Reagins said Rivera first was bothered by the eye in Chicago, where the Angels took two out of three against the Cubs from June 18 to 20. Scioscia and Reagins said the ailment was not baseball related.
"There's something going on with him physically," Reagins said.
"Obviously, when you're talking about vision issues for a hitter, you have to pay attention to it," Scioscia said. "But we don't think there's going to be -- hopefully it won't be too long."
Halos to have Bell stretch out to start
ANAHEIM -- The Angels sent Trevor Bell to Triple-A Salt Lake before Friday's nights game with the Royals so he could be stretched out as a starting pitcher. Right-handed reliever Rich Thompson, who appeared in a combined 22 games over the past three seasons, was recalled for the first time this year.
Angels general manager Tony Reagins said the move had been discussed for a few days.
"Rich Thompson's throwing the ball extremely well, definitely a guy I would think could contribute to what we need to do in our bullpen," Angels manager Mike Scioscia said.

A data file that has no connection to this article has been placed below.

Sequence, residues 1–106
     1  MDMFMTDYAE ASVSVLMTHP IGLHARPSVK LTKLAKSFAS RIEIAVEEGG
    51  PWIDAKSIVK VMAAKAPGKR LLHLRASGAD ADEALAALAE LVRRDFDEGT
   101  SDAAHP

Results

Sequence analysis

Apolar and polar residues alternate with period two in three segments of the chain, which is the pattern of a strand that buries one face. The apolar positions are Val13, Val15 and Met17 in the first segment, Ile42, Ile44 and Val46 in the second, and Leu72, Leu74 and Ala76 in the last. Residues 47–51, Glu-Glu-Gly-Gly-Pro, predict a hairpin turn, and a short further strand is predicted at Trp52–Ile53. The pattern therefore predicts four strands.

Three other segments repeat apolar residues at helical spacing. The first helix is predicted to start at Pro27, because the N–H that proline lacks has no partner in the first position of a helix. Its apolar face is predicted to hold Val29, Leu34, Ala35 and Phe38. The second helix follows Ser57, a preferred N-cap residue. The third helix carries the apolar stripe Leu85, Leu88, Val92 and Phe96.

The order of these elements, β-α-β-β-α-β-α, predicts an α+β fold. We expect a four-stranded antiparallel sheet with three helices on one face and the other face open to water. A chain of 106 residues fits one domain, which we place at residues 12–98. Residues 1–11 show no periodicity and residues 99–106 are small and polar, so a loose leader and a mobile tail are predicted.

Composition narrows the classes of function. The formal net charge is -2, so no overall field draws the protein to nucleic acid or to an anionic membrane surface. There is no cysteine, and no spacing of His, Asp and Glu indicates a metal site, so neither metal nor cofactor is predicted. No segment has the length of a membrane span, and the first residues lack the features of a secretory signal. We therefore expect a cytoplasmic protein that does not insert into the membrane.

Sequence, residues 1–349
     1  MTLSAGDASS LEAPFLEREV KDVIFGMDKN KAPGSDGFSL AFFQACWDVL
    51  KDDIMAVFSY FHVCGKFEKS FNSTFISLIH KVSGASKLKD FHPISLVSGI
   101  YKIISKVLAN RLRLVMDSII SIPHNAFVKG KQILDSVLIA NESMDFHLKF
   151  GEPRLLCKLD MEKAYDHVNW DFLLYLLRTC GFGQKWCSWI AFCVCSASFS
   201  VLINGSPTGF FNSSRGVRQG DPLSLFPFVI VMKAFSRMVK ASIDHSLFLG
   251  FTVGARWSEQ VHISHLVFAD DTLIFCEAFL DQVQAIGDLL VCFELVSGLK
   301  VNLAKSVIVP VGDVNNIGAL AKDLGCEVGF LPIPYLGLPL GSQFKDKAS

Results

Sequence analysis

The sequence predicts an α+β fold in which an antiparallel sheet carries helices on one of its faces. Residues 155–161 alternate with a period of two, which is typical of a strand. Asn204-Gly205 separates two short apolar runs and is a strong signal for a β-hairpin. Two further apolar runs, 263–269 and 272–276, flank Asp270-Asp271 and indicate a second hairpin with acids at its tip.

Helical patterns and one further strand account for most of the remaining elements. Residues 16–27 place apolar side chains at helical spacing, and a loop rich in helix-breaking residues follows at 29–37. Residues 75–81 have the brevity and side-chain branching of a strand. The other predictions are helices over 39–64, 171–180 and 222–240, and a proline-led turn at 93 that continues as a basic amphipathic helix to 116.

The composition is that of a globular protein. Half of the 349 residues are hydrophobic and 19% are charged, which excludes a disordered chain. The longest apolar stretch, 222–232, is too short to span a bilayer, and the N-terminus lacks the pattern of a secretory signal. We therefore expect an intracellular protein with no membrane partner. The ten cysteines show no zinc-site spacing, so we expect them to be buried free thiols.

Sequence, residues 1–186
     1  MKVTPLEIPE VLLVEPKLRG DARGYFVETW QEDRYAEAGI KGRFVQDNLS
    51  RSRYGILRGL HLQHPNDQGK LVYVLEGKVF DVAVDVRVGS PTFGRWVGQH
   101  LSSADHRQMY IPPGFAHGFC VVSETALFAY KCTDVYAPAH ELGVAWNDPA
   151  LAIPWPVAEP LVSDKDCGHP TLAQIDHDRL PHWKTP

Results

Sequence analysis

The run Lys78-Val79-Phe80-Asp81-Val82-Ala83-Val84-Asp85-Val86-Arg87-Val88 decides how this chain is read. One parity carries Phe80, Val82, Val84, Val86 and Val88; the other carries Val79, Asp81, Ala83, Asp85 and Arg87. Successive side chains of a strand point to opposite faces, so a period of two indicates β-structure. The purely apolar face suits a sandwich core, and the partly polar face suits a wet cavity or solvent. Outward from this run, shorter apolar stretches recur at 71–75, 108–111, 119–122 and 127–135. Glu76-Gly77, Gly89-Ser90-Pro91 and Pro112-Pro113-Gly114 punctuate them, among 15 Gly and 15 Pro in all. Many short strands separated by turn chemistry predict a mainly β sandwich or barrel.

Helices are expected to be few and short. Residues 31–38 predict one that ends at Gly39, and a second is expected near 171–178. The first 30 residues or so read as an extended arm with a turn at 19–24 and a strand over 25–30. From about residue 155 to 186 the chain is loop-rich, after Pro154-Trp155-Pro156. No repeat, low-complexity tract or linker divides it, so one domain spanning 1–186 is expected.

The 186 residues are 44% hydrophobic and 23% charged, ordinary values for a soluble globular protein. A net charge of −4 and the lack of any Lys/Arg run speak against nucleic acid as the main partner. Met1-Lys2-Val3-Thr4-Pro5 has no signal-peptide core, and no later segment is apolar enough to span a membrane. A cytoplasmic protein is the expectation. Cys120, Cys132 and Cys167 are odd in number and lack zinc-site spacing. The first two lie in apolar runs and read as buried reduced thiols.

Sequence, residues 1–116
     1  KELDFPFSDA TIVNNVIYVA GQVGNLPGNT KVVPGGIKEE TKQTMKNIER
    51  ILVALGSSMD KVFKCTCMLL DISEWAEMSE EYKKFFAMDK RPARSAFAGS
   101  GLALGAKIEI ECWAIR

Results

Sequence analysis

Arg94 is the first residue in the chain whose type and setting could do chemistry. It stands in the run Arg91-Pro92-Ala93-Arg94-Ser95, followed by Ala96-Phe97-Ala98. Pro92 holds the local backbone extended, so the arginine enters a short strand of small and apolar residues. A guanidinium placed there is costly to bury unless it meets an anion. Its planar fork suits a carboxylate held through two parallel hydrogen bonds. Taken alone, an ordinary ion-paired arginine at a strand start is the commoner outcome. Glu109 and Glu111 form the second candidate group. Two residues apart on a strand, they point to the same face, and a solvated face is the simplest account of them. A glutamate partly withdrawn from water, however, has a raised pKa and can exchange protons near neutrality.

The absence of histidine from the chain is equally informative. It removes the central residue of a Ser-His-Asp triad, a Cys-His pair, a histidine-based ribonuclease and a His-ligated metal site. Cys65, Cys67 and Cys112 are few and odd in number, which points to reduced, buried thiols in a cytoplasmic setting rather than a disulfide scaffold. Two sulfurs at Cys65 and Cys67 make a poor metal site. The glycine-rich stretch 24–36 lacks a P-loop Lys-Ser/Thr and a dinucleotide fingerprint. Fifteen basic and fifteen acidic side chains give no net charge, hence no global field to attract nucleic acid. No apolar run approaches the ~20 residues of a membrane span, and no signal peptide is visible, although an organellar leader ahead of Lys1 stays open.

"Trevor Bell really needs to go down and be on our depth chart as a starter. He needs to go down there and start getting stretched out and reestablish himself in our overall organizational rotation."
Bell was 1-1 with a 6.38 ERA in 14 appearances this season. He struck out 16 and walked four in 18 1/3 innings, allowing one home run. Twenty six of Bell's combined 30 appearances across Double-A, Triple-A and the Majors were starts last season.
Thompson, who appeared in a career-high 13 games for the Angels last season, was dominating the Pacific Coast League with a 1-1 record, 0.61 ERA and 30 strikeouts in 19 appearances. Opponents were hitting .177 off him with no home runs and 10 walks.
Bell has gone as many as three innings for the Angels this season, and could likely increase his pitch count quickly. Scioscia said Bell slots in as the seventh starter on the Angels' depth chart, behind the current five in the rotation and Sean O'Sullivan, who is being used as a reliever but made 10 starts in 12 appearances for the Halos last season.